CLEVELAND, Ohio (WOIO) - A Northeast Ohio lawyer is encouraging City Council members to invoke a section of the charter that would allow an investigation into Mayor Frank Jackson and the city prosecutor for potential misconduct.
“What we’re seeing here is a potential case of abuse of power,” said Rebecca Maurer.
Maurer is a local attorney who specializes in policy. She said a section of the city of Cleveland charter could be a tool for City Council to investigate the mayor for why felony charges weren’t initially filed against the his grandson, Frank Q. Jackson.
“Just like in the United States as a whole, we have the Constitution, and that governs all our other laws. The charter is basically the Constitution for our city," she explained.
This week, 19 News uncovered the city prosecutor declined to file charges against the mayor’s grandson in a case that happened in June. A woman said she was beaten and strangled by the mayor’s grandson. She also said she was even dragged.
In the police report, the victim told officers, "I’m so scared.”
She also said she feared the family would retaliate after officers left the scene.
New documents are being released detailing why city of Cleveland prosecutors declined to file charges against the mayor’s grandson in an assault case.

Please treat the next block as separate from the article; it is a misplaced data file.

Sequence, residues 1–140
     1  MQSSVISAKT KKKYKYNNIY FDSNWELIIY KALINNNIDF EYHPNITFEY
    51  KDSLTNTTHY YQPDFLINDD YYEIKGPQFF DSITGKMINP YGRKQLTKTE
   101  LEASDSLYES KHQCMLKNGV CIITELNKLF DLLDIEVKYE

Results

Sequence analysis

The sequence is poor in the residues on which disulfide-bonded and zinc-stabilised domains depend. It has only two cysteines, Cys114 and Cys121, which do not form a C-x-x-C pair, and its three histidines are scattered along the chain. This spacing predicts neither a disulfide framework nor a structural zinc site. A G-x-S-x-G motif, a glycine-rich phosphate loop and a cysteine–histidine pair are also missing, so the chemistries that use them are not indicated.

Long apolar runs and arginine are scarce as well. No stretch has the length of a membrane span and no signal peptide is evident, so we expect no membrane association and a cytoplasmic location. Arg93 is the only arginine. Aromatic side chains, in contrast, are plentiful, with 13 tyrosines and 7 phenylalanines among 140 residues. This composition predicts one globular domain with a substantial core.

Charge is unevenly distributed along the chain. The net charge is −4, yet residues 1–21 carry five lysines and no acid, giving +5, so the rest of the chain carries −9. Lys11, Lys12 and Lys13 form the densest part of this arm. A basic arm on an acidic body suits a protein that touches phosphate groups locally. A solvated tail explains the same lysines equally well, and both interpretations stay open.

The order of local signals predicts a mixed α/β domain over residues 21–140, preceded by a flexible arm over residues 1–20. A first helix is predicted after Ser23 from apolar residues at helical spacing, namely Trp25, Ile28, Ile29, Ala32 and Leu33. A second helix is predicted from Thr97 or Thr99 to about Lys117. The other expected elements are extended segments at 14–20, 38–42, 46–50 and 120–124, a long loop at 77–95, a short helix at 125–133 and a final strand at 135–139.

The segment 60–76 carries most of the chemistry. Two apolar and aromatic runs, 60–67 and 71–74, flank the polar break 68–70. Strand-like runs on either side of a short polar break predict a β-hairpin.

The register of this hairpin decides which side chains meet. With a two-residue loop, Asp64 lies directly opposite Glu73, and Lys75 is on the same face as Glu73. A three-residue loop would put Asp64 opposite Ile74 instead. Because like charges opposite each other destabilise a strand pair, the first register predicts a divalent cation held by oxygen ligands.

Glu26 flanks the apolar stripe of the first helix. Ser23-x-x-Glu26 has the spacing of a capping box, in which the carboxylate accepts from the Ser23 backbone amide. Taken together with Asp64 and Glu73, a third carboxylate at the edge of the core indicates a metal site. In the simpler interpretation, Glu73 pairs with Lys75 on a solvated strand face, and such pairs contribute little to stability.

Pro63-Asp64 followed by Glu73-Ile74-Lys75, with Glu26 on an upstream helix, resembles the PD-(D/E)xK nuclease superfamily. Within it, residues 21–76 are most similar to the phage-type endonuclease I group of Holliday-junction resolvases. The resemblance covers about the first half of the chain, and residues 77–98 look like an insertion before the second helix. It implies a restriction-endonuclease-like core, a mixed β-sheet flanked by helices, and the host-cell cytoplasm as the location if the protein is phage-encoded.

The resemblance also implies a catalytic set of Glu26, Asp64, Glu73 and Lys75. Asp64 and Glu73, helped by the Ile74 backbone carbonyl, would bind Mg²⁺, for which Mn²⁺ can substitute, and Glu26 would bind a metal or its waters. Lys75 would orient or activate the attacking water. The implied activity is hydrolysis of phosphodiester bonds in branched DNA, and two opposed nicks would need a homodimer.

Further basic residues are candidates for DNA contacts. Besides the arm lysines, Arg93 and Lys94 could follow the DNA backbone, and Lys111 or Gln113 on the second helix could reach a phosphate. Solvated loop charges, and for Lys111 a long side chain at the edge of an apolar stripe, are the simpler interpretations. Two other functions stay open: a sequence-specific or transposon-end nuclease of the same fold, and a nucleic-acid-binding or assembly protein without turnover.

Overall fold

The document the city’s law department showed the reason they disposed the case was because of insufficient evidence and the victim was unwilling to cooperate. A note even stated the victim “doesn’t want to pursue.”
“The answer to that is not to skip over steps when we have instances of violence against women perpetrated by people close to those in positions of power,” Maurer said.
Frank Q. Jackson was later indicted by a county grand jury on a handful of felony charges including assault and abduction.
This is just the latest in the story of problems for the mayor’s grandson.
Last week, his car was towed from the mayor’s house as part of a murder investigation. His attorney denied his involvement in that case.
Two months ago, Frank Q. Jackson was given probation for shooting people with a paintball gun and having drugs in his car.
“The issue here is one of process. Are there special favors being done? Are people getting off easy just like you say? That’s the question at hand," Maurer asked.
Council members said it’s up to City Council President Kevin Kelley to decide. Kelley did not immediately respond to questions.
Frank Q. Jackson’s arraignment is scheduled for two weeks from now. 19 News will be in the courtroom.